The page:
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NJ man seeking gun permits loses appeal 11/14/19

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NJ man seeking gun permits loses appeal 

Terrence T. McDonald

NorthJersey.com USA TODAY NETWORK – NEW JERSEY

A New Jersey man who has been seeking gun permits for three years lost again in court Wednesday when an appellate panel declined to reverse a lower court ruling that focused largely on the man’s 2001 arrest for eluding police.

The plaintiff, in his mid-40s, argued that his past conduct should not have played a factor in the government's decision to deny him the permits, but the appellate judges said the lower court’s decision must be given deference because it was based on “substantial credible evidence,” including the man’s testimony.

The ruling refers to the plaintiff by his initials only. A request for comment from his attorney was not returned.

New Jersey has some of the most restrictive gun laws in the nation, per the National Rifle Association, which lists it along with seven others states that give the government 'complete discretion' over the issuance of carry permits.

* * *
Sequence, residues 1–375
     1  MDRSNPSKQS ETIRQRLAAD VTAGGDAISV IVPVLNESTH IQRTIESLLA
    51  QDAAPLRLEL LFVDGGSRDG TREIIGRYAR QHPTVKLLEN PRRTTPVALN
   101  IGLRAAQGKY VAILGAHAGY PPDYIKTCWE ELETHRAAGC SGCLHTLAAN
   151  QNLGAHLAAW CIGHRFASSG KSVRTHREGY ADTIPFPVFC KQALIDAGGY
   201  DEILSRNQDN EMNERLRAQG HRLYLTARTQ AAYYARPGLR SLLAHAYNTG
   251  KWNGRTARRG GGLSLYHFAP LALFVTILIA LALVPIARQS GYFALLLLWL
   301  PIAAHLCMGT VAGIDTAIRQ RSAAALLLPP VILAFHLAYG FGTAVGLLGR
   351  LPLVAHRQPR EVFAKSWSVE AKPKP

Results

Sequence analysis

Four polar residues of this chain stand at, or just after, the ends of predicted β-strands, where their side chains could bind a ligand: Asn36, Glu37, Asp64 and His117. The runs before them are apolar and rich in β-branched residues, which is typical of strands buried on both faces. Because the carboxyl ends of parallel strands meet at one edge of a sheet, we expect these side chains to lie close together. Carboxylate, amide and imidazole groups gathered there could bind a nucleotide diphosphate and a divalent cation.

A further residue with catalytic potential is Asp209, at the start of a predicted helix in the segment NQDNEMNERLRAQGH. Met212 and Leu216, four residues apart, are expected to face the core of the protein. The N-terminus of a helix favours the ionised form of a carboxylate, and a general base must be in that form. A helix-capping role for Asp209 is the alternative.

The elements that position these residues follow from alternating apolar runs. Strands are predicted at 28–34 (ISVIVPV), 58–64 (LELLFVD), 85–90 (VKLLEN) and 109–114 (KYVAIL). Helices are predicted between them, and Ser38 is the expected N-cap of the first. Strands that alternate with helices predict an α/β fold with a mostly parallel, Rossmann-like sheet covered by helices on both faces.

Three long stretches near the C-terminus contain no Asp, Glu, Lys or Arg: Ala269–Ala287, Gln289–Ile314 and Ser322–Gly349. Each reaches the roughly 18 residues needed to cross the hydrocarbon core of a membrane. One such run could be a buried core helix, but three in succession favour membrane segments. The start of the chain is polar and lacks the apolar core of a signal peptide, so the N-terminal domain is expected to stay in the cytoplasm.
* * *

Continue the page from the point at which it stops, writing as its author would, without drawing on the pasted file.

This case in question illustrates 'the paranoia and hysteria' about firearms today, Alex P. Roubian, president of the New Jersey Second Amendment Society, told NorthJersey.com.

The plaintiff, who the ruling says was a member of the U.S. Armed Forces for four years, “carried a firearm around the world without incident, and now in New Jersey he's being denied his Second Amendment right,” Roubian said.

The facts of the case are spelled out in the 15-page ruling. The plaintiff, a paramedic with Hackensack University Medical Center for more than a decade, had his criminal record expunged in 2016 after he applied to become an Oakland police officer, the ruling says. He was not hired.

The ruling describes two prior criminal incidents. When he was 18, he pleadedguilty to a disorderly

person's offenses following an arrest for smoking marijuana, stealing a purse and writing a check to himself for $100, according to the ruling.

The second came in 2001, when he was 24. He pleaded guilty to eluding police following a high-speed policepursuit after which he repeatedly refused demands by police to drop a knife he held in his hands, the ruling says.

'I was drinking and I was stupid. I have a lot of pentup aggression,” he told police at the time, according to the ruling.

The plaintiff had his record expunged before he applied for a firearms purchaser identification card and two handgun purchase permits, but the Oakland police chief cited his prior arrests in denying him the permits. In New Jersey, you must get permission from your local police department to receive a firearm ID card.